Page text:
We found a short sale in an area I didn’t know at all, Shorewood. Ask most Seattleites and they don’t know it either. It took more than a little tenacity to push things through. Robert likes to tell people that I acted as our real estate agent. Once the offer was finally accepted in May, the electrical and plumping systems showed their true colors. Work began swiftly. Lucky for me, my guy was skilled at woodwork, gardening, and landscaping. While I was diving into the depths of digital food marketing at Allrecipes, Robert was modernizing our mid-century house and transforming the yard into an edible oasis. The twins had been too much for my single lady apartment, so our new home was the perfect playground, complete with a hot tub, sandpit, and neighbors who also had little girls. My transition to suburban momma was in motion.


I worked a ton, traveled a little, but mainly settled into a routine in our little enclave south of West Seattle. We knew we liked this area, but it took time to realize that it was fantastic in so many ways. Not only was it easy enough to bus downtown, it was also super close to a Trader Joe’s, forested trails, and Seahurst Park, a gorgeous area in Burien where we once saw a beached Minke Whale. If we wanted to avoid the incessant traffic and construction in the north, we could head south to Des Moines Marina, an old school area with fish restaurants and views of airplanes landing in front of the glorious if elusive Mt. Rainier.

While tending to the garden and going to Home Depot seemed to take up most of our summer, we did manage a trip in the fall to Robert’s family farm in the Netherlands. I got to meet his many aunts, uncles, and cousins and play games for hours during a thunderstorm near the broccoli fields. We enjoyed a night in Antwerp and Bruges, which forever made the movie “In Bruges” one of our favorites. The highlight, however, was seeing Robert's grandmother, his Oma, who at 92 was feeble but clearly had love for her grandson, as he did for her. She would only live two more weeks.

Meanwhile, I was done being a long distance landlady to high maintenance tenants and thought that maybe I wasn’t going to move back to L.A. after all. I sold my condo right before the market skyrocketed and Culver City and Silicon Beach got swanky. Oh well. It was a solemn and symbolic goodbye to the home I once knew, but to quote Neil Diamond, "it ain't mine no more." I really started to enjoy the fact that we could see not just one, but two national parks from our hill; Olympic National Park defines the horizon to the West, and Mt. Rainier sings to you from its perch in the South. We kayaked on moonlit nights, walked along Alki Beach, swam in the salt-water pool facing the Puget Sound at Lincoln Park, and soaked in the hot tub watching July 4th fireworks. These became life’s simple joys.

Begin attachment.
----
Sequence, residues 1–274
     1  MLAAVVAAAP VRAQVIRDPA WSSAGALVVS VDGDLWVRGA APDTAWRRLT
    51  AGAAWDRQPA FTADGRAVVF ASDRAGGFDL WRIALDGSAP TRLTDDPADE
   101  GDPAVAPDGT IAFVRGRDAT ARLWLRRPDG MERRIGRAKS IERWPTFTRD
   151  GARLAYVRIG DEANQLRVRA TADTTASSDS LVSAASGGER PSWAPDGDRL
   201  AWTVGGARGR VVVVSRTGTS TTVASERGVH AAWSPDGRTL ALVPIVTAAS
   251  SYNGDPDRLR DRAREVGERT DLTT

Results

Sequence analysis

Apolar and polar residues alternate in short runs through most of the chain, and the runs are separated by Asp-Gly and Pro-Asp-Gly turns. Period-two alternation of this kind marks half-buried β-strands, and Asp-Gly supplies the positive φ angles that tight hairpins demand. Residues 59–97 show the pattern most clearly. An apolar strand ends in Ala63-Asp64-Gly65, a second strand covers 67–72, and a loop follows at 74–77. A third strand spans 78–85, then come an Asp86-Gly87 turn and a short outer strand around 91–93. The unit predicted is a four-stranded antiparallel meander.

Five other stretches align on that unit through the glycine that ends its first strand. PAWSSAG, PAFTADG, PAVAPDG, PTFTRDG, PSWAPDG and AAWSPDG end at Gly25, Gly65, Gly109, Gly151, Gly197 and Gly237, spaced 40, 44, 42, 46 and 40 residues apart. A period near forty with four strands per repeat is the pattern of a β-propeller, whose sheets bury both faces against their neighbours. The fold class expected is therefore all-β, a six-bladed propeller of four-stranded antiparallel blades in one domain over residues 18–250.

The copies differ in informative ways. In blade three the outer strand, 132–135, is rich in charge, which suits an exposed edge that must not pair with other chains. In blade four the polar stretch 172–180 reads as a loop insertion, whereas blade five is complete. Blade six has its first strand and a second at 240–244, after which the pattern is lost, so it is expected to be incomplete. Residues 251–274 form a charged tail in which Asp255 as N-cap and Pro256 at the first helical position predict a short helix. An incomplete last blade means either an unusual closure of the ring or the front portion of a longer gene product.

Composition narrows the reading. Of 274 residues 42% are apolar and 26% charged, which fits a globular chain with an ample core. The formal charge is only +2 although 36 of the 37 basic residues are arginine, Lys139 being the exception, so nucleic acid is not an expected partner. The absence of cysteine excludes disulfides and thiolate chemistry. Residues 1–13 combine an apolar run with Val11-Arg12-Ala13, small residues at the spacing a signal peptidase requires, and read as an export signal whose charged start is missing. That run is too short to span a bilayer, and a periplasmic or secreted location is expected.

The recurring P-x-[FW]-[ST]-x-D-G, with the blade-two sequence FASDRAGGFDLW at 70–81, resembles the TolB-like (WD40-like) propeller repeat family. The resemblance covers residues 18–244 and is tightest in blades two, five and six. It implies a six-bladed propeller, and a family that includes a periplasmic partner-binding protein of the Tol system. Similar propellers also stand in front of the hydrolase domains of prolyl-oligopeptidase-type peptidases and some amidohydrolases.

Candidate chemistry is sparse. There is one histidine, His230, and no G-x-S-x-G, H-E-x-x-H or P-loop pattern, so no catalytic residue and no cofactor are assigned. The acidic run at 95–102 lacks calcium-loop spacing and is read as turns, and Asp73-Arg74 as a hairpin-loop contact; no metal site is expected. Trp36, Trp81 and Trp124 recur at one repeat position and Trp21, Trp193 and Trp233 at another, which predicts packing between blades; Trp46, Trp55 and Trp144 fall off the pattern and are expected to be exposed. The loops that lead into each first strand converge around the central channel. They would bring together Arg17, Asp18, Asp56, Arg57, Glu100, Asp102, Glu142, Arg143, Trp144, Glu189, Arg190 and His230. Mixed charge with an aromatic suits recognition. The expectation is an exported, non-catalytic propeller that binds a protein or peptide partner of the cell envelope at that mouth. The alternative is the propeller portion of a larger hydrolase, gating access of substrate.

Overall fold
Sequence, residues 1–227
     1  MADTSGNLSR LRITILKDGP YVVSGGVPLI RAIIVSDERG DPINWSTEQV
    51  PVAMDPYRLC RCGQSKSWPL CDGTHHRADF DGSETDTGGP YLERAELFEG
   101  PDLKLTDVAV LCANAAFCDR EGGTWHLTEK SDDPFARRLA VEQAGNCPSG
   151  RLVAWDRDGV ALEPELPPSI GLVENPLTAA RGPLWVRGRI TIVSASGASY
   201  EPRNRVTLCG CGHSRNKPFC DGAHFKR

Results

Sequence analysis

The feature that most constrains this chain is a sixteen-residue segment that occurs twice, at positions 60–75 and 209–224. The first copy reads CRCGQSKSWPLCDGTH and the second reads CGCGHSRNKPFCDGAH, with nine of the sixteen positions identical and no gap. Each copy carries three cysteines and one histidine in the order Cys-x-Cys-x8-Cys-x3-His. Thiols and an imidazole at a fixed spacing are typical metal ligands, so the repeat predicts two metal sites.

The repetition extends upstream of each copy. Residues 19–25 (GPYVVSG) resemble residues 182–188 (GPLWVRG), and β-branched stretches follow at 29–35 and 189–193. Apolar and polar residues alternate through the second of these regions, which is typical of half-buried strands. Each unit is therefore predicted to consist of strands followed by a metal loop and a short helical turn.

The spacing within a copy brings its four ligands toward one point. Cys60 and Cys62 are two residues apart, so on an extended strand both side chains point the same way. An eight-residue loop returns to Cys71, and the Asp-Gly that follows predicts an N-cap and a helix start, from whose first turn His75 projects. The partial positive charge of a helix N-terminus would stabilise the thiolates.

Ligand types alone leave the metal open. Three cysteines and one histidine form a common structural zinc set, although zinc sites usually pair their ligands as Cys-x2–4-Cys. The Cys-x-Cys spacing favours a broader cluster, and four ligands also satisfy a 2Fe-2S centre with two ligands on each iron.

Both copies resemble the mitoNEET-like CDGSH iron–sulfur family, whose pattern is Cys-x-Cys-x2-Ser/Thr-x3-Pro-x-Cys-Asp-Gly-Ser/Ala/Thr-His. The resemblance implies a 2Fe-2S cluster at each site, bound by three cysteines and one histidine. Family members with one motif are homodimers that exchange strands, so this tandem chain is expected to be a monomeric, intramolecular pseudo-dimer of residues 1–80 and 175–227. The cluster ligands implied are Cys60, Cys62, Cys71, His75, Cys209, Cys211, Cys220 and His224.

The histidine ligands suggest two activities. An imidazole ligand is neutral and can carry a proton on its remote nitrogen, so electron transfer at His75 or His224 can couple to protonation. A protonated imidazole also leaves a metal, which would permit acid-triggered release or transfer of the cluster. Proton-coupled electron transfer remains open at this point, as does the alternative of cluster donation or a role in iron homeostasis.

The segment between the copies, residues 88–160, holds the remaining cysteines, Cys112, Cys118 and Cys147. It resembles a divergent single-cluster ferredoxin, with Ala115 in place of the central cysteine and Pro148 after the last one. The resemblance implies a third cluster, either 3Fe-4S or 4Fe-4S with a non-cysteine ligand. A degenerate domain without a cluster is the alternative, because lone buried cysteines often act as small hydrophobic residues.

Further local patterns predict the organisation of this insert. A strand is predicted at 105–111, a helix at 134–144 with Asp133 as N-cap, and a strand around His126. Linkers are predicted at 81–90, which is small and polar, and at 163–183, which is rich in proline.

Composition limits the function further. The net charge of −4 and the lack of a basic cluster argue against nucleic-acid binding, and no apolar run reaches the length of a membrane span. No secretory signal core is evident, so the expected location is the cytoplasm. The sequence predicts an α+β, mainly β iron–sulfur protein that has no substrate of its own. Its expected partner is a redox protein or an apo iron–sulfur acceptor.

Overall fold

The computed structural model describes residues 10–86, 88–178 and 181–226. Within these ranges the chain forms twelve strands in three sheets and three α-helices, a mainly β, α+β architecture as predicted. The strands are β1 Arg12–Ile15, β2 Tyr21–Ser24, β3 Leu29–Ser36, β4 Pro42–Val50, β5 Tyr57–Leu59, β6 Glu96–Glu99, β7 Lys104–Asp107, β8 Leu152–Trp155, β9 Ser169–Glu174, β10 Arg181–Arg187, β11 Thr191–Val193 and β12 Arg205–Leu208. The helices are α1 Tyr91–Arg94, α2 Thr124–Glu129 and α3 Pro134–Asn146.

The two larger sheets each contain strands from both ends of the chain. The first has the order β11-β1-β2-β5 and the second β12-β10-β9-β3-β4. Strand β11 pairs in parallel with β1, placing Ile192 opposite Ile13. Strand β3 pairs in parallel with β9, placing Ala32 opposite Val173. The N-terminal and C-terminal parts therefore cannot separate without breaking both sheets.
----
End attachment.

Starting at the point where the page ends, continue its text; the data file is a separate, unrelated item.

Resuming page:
A new ritual had also started: the Full Moonie hike. This is where a group of us pitched tents at White River Campground, hiked to a hillside to feast on a potluck, and watched the sun set over a lake and moon rise to paint Mt. Rainier in glorious pink hues. This is when the word "awesome" actually applies. Big time.


This year was about hitting our stride. We took local trips to the San Juan Islands, visited relatives back east, and made more play dates with friends with kids.

At a point pretty early in our relationship, Robert surprised me with a floatplane ride that soared high above Seattle. It was an incredibly beautiful evening in September, my birthday in fact, made even more beautiful by the gift he gave me mid-flight; he’d put an engagement ring around my favorite finger puppet, Bear-y. So here we were three years later talking about a potential wedding. Should we have it in L.A. where the majority of my friends and family were? Should we have it on the east coast where his parents were? Neither, we decided. We lived in Seattle, a place where our lives took some major hits, but one that we were redefining as our own. We picked the Hall at Fauntleroy in West Seattle, just a few miles from home.